The 6th Amendment to the US Constitution Requires It

If you are criminal defense attorney representing documented and undocumented non-us citizens in the criminal justice system, you should absolutely-100% be advising them to discuss their circumstances with immigration attorneys. Criminal defense attorneys should also be conferring with immigration attorneys. [Read more…]

“Cite” No Longer a 4-Letter RE Unpublished Opinions (Washington)

Last week in Washington State GR 14.1 went effect.  I am not sure its the type of change in the law that will garner much press, but for attorneys (especially criminal defense attorneys) its a pretty big deal.  Why?  Let me explain.  Dating all the way back to my first year of law school, we were all taught it was a major no-no to cite an unpublished opinion.  Citing an unpublished opinion was unprofessional, unethical and a sanctionable act. [Read more…]

Are Jury Trials Headed Toward Extinction? Not Really. But the Numbers Aren’t Good.

Interesting recent article in the New York Times on the declining number of jury trials both criminal and civil in our judicial system. The article begins with a trial judge in the Federal District Court in Manhattan recalling only one criminal trial in the four-plus years he’s been on the bench. That’s a sobering number when you consider the size of the district in which Judge Jesse M. Furman sits. [Read more…]

State v. Wisdom, 187 Wash.App. 652 (Division 3) w/ Comments

In 2015, the Washington State Court of Appeals Division 3 decided State v. Wisdom, 187 Wash.App. 652.

The defendant in the case was arrested because the truck he was driving in was stolen.  Subsequent to his arrest, a toiletry bag on a seat in the truck was searched by law enforcement.  The search led to the recovery of illegal drugs. Wisdom told the officer there was methamphetamine on the seat of the truck.  But never consented to the police officer’s search of the toiletry bag.   [Read more…]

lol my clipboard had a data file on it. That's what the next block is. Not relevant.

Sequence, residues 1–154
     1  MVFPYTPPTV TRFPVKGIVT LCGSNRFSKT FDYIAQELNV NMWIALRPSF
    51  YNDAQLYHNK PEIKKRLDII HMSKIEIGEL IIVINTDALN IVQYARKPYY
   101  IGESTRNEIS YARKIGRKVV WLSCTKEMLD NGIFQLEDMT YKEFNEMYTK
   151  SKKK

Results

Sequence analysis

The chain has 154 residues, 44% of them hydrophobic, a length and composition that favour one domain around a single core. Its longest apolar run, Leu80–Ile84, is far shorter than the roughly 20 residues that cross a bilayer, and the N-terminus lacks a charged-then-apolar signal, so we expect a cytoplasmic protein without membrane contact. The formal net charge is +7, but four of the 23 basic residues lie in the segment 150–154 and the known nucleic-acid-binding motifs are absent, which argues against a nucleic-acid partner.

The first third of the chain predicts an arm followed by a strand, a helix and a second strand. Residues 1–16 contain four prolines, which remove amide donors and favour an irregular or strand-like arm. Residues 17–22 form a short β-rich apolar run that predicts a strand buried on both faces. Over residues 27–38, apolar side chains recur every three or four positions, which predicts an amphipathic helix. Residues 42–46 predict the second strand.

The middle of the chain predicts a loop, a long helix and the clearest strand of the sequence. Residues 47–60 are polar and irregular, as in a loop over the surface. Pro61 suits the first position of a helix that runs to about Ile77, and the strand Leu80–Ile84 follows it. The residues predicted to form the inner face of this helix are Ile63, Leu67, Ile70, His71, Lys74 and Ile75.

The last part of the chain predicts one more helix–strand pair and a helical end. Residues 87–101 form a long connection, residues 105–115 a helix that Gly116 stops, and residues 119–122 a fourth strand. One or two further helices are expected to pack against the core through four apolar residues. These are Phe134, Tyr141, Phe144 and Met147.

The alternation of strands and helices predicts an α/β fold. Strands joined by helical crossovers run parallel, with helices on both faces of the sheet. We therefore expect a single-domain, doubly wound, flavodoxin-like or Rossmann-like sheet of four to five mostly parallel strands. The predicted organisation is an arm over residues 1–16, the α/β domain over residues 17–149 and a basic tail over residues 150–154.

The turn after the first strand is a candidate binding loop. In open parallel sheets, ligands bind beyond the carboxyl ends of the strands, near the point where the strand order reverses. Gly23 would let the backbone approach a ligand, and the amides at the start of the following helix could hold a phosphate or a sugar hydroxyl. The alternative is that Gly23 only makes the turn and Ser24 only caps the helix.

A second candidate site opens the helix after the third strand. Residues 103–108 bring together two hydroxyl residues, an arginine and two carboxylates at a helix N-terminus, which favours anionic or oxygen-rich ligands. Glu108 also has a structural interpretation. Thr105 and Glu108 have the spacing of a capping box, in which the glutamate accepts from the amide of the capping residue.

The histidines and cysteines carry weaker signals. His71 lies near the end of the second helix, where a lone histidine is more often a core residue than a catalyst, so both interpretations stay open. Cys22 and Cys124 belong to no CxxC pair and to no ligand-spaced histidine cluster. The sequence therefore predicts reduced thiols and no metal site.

Pot Shop Sting Op

Yesterday, it was reported in The Columbia via the Associated Press a sting operation focusing on pot shop sales of marijuana to minors allegedly resulted in 4 of 22 pot shops being non-compliant.  The brief article mentioned 10-day suspensions or fines up to $2,500.00 could occur.  Apparently, notice was given on May 12, 2015 by the liquor board to the various shops regarding the crackdown.  Additionally, the store employees accused of the sales are having their cases referred to the prosecutors office for potential criminal prosecution. [Read more…]

Passage of New Law in 2012 May Help Expedite Evaluation of Mentally Ill Criminal Defendants in Clark County

News was reported in The Columbian on October 29, 2014 by Journalist Paris Achen, “Clark County may become the second county in the state to use a panel of local experts to evaluate mentally ill defendants, rather than ask the state hospital to perform competency evaluations, local officials said.” [Read more…]

Defendant Once Accused of Controlled Substance Homicide Pleads Guilty to Lesser Charges in Clark County Superior Court

Yesterday, it was reported in The Columbian by Paris Achen that a Vancouver woman once accused of homicide by delivery pleaded guilty to lesser charges including attempted delivery of a controlled substance and tampering with physical evidence.

According to the article, the State encountered defects in the case with a witness who allegedly saw the defendant, Thomas, deliver the methamphetamine to John Cantwell, the decedent. Apparently, her credibility and possible mental health issues factored into the State’s decision to resolve the case pre-trial. [Read more…]

Child Abuse? Or Child Discipline? The case of Adrian Peterson Revitalized the Debate. But what is the law in Washington State?

Last week NFL football player, Adrian Peterson was indicted by a grand jury in Texas on charges of reckless or negligent injury to a child from an alleged incident occurring in June 2013.

Since the story broke, there has been a great deal of debate in the news regarding child abuse and/or child discipline with opinions running the full gamut  between support and condemnation. [Read more…]

Op Piece on Criminal Justice Act of 1964 by George Will in the Washington Post

Interesting opinion piece on the Criminal Justice Act of 1964 by George Will in the Washington Post. Must read for criminal defense attorneys in the public sector and private sectors.  The opinion article asks who is better off the pre or post act defendant?  One response might surprise some. [Read more…]

Supreme Court Lays Down the Law on Post-Arrest Cellphone Searches

In the shadow of the highly controversial “Hobby Lobby” case in which the US Supreme Court held corporations can state religious objections to employee health care benefits that are incongruent with their own religious beliefs — the US Supreme Court also imposed substantial limitations on post-arrest cell phone searches. [Read more…]